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PCR #172  (Vol. 4, No. 28)  This edition is for the week of July 6--13, 2003.
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Couch Potato Confessions by Vinnie B.
   The adventures of a boy and his personal video recorder.

The Dead Zone, or a former Brat Packer makes good
Three reasons you should be watching "the Dead Zone": Nicole de Boer, Nicole de Boer, and Nicole de Boer.

But seriously, based on characters from the Stephen King book, this series features Anthony Michael Hall as John Smith, who awakens from a coma and finds he has awakened the dead zone in his brain giving him the ability to see the future upon touching people. Hall was the geek in "16 Candles" and "The Breakfast Club" that everyone knew was never going to get to first base with Molly Ringwald. Now he has a bona fide hit on the USA network, while his brat packer cohorts are either answers to trivia questions or in rehab.

In just two seasons subplots abound, from John Smith's relationships with a feisty redheaded woman reporter and with his former fiancÚ (de Boer) who is now married to the sheriff. David Ogden Stiers stars as the slimy reverend Purdy who becomes Johnny's benefactor. And of course there is the politician Greg Stillson, played by Sean Patrick Flanery, who is going to bring about Armageddon.

The summer premiere titled "The Storm" finds our hero refusing to leave his house and questioning his mission to help people after his inability to save the life of fellow Breakfast Clubber Ally Sheedy, who put in a guest appearance in a previous episode. John Smith has to deal with the storm of his internal conflict while dealing with a very real storm that is threatening lives.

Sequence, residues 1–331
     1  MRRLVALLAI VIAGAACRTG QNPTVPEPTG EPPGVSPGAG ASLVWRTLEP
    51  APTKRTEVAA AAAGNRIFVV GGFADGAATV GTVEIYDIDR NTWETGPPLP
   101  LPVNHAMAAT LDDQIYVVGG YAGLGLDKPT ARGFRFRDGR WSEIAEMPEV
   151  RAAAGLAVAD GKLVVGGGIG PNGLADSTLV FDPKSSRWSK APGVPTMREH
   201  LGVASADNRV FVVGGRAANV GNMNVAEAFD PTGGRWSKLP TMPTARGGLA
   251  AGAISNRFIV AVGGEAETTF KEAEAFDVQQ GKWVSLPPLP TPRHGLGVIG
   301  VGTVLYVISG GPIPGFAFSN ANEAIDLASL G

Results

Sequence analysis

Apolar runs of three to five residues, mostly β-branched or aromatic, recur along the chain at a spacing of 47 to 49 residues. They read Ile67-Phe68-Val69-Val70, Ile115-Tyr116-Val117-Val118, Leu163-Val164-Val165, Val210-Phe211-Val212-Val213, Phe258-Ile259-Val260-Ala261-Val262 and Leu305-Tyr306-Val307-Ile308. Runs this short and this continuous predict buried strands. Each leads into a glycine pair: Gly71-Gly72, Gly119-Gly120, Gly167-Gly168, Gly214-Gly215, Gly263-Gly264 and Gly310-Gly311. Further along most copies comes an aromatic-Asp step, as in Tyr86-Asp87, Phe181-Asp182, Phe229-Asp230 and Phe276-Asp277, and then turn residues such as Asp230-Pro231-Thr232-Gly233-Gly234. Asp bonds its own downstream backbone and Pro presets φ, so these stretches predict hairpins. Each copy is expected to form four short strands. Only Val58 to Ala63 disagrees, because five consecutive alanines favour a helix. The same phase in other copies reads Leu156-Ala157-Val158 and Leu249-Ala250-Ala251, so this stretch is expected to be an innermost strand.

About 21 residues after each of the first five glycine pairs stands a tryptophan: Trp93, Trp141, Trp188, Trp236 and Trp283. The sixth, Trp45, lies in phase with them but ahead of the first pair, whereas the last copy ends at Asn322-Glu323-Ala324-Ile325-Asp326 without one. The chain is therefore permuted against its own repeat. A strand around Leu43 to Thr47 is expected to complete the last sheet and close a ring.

"The Dead Zone" has some creative muscle behind it in the guise of producer/creator Michael Pillar and writer Joe Menosky, both of whom worked on Star Trek Next Gen, Deep Space Nine, and Voyager. You will not find any car chases, or gunplay, or half naked women in this series. Just good scripts and a well developed series with subplots and character interaction. No matter how bleak an episode is, the ending comes out giving us a ray of hope. That is something we can use more of on television.

And who knows, one day they may have an episode guest starring Molly Ringwald and the geek will finally get the girl.

The complete first season of "The Dead Zone" is available on DVD at Amazon.com.

Twilight Zone Overload
In what is becoming a tradition, the Sci-Fi Channel held one of their Twilight Zone marathons over the July 4th holiday. I usually try to catch some of my favorite episodes (such as "It's a Good Life), but this time I searched the listings for some episodes that I have never seen and that featured actors who names were recognizable, many of them in early roles of their careers.